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'Housing market is looking increasingly vulnerable with a price correction possible': ING

·Markets Reporter
·2 min read

"The housing market is looking increasingly vulnerable with a price correction possible," says one economist.

ING's chief international economist James Knightley points to the rapid rise in home prices making it more challenging for prospective buyers to save for a deposit at a time when inflation is shrinking real incomes and confidence is suffering.

“On top of this, the latest housing data shows that this sector is the most vulnerable to the rising rates environment with the growing prospect of a slowdown and potential correction in coming quarters,” Knightley wrote in a recent note.

The average mortgage rate for a 30-year conventional loan rose to 5.3% last week. The median cost of a home in April was still at a record high of $391,200,

House prices nationally have increased 35% since the start of the pandemic. Demand in 2020 and 2021 was fueled by massive fiscal and monetary stimulus and work-from-home options. At the same time, supply has been severely limited with construction slow to catch up.

The tide may be turning now.

Mortgage applications are plunging as borrowing costs are rising. Housing supply is expected to hit the market later this year, when demand is potentially dropping.

“Hence our belief that the rapid price appreciation of housing could quickly flatten out and possibly reverse,” writes Knightley.

“On the negative side, this will hurt consumer sentiment as raising interest rates in a deteriorating housing market environment is never a good story. It would also weaken construction activity with a lag and hurt employment prospects in the industry which accounts for 4% of GDP in total,” said Knightley.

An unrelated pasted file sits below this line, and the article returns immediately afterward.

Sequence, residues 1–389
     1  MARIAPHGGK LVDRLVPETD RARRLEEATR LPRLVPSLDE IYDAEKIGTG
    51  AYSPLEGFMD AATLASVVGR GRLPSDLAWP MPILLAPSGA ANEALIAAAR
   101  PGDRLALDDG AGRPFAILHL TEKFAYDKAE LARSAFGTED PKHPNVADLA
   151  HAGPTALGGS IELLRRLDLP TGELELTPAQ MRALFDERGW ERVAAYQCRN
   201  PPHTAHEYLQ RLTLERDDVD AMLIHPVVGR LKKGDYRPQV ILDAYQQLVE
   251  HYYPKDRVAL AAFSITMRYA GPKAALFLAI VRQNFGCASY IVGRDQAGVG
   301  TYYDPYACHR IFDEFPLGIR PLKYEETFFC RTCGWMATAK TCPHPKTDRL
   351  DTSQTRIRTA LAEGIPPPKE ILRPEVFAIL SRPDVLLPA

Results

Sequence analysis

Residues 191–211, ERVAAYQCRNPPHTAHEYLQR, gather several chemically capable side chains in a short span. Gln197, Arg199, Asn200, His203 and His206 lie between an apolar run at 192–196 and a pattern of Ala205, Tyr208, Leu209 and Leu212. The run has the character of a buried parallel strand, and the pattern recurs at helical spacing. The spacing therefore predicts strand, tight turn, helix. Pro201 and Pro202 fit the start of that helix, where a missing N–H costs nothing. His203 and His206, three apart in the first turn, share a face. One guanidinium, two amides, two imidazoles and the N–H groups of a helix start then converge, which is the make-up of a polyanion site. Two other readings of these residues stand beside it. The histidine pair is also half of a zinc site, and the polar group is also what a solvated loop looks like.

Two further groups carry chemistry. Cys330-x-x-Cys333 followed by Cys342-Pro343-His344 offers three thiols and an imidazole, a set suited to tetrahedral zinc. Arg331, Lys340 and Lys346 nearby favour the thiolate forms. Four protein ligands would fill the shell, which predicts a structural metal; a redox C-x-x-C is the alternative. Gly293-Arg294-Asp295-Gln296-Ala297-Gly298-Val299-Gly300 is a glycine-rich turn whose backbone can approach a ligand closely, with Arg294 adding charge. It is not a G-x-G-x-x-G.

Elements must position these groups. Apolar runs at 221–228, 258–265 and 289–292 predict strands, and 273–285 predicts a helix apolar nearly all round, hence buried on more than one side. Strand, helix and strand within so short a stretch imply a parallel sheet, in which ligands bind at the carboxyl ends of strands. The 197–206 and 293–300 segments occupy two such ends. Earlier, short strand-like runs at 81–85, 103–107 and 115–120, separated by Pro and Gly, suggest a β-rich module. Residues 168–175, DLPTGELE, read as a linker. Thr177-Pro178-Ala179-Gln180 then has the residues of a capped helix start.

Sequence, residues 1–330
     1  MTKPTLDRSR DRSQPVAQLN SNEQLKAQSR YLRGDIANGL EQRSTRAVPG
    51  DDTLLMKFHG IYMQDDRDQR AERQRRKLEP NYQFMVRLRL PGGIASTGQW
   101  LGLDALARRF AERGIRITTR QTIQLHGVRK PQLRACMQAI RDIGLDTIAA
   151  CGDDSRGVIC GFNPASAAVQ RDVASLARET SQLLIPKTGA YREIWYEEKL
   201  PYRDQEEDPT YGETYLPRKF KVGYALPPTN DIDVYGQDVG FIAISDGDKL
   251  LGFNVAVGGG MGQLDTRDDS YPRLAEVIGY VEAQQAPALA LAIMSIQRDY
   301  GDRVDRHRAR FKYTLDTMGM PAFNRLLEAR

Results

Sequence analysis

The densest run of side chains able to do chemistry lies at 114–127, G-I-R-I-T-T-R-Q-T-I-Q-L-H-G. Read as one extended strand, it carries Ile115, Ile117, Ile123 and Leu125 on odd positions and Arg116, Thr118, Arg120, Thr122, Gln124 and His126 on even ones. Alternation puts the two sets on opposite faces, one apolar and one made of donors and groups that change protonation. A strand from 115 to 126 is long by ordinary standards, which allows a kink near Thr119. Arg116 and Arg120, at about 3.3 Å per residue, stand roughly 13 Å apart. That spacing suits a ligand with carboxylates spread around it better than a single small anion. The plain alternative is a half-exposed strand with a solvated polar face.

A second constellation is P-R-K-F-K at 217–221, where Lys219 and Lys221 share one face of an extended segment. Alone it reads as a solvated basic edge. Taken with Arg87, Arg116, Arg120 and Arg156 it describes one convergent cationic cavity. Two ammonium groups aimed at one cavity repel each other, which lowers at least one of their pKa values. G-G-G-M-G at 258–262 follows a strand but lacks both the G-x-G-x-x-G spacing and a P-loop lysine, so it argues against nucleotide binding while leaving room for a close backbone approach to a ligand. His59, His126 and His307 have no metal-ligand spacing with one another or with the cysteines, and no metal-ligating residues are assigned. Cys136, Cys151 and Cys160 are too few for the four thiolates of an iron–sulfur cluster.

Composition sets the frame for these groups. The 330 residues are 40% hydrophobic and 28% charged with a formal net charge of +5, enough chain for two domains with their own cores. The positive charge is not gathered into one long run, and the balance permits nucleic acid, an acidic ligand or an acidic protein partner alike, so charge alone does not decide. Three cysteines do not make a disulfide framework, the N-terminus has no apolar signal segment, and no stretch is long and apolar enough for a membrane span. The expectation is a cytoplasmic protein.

FILE - Condominium units are offered for sale in the Dorchester neighborhood, Wednesday, Aug. 18, 2021, in Boston. Rising interest rates are making adjustable-rate mortgages a more attractive alternative to common 30-year, fixed-rate home loans. (AP Photo/Charles Krupa, File)
FILE - Condominium units are offered for sale in the Dorchester neighborhood, Wednesday, Aug. 18, 2021, in Boston. Rising interest rates are making adjustable-rate mortgages a more attractive alternative to common 30-year, fixed-rate home loans. (AP Photo/Charles Krupa, File)

However, there is one “silver lining of sorts.”

“Falling house prices would get inflation lower more quickly,” said the economist.

Lower inflation would allow the Fed to move to “reverse course and cut rates back to neutral more quickly, helping to prevent a broader and deeper economic downturn.”

Ines is a markets reporter covering equities. Follow her on Twitter at @ines_ferre

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